A Picture Is Worth A Thousand Words

In What's in Bloom on July 2, 2013 at 2:21 pm

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By Phyllis Odessey

I am feeling very proud.  We just finished hanging photographs for our exhibition at the East Harlem Cafe.  The opening reception is July 9th between 5-7 pm.

The photographs feature kids who have participated in our Edible Education Program at the Urban Farm, a partnership with GrowNYC.  As well as some fantastic photographs from the gardens around Randall’s Island.
PHOTOINVITEWe look forward to seeing you the Cafe for the opening.  The show will be up for one month, stop by and have a look and enjoy a great cup of coffee.

 

Pay It Forward

In Water's Edge Garden on June 25, 2013 at 2:00 pm

By Phyllis Odessey

profile-1110IMG_0716IMG_0715Giving back is an important part of the culture at Randall’s Island Park Alliance.

Our Urban Farm contributes all its extra produce to a small soup kitchen in East Harlem.  All the workshops and programming are  are free.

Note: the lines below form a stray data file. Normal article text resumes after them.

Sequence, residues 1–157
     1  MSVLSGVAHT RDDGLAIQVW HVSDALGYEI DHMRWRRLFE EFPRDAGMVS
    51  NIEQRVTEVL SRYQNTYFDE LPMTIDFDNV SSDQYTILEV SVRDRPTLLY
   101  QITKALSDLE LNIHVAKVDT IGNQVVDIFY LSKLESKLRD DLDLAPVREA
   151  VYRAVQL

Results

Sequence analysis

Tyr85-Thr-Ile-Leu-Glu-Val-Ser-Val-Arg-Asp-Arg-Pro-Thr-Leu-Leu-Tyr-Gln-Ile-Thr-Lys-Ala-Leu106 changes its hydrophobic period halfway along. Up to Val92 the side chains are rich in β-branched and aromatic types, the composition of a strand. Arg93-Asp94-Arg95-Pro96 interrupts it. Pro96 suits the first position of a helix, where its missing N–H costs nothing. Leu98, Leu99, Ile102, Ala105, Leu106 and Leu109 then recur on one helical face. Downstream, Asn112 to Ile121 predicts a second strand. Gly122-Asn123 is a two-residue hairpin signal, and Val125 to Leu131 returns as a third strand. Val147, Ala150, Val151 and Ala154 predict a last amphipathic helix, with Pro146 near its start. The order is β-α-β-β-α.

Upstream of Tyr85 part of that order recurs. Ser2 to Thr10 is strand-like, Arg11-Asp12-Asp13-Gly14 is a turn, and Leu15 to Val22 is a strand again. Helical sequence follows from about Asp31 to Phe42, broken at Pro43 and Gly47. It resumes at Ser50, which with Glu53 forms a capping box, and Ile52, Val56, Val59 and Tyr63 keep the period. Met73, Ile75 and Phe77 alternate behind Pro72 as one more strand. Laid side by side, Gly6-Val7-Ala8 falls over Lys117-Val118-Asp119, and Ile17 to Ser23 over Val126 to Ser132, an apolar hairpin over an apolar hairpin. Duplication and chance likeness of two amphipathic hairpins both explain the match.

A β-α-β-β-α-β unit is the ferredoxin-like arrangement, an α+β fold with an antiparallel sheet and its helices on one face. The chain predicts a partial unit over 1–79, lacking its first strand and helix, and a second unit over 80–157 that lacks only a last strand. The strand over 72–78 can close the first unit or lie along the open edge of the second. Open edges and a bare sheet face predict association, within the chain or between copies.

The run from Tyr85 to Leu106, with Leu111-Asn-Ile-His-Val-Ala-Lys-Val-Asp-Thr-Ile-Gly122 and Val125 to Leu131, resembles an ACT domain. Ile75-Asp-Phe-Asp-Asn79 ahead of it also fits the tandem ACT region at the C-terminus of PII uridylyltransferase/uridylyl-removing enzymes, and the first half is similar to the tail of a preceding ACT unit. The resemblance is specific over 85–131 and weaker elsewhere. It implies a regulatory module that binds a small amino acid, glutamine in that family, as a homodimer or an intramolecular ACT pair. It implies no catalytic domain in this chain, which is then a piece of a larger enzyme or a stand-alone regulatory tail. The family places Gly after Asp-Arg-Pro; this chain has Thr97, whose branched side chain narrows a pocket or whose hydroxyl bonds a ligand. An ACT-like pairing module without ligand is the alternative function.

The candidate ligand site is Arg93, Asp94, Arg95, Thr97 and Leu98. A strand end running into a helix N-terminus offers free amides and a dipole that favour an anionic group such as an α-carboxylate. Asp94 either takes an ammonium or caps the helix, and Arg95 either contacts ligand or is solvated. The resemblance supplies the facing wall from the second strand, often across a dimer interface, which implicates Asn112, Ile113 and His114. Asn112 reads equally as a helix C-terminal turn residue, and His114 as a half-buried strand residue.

At the Waterfront Garden, we believe in sharing “the wealth.”  After seven years, the garden contains approximately 150,000 perennials and 50,000 spring and fall blooming bulbs.  We often divide our plants and email to friends and other gardeners that we have plants available.

On Thursday, June 20, volunteers from Goldman Sachs Community
IMG_0705Teamworks came to the waterfront garden to divide Pennisetum alopecuroides ‘Red Head.’  It’s tough as nails, both as a garden plant and as a plant.  It was unaffected by the salt water that covered it for a day or two as a result of the water washing over the garden due to  Sandy.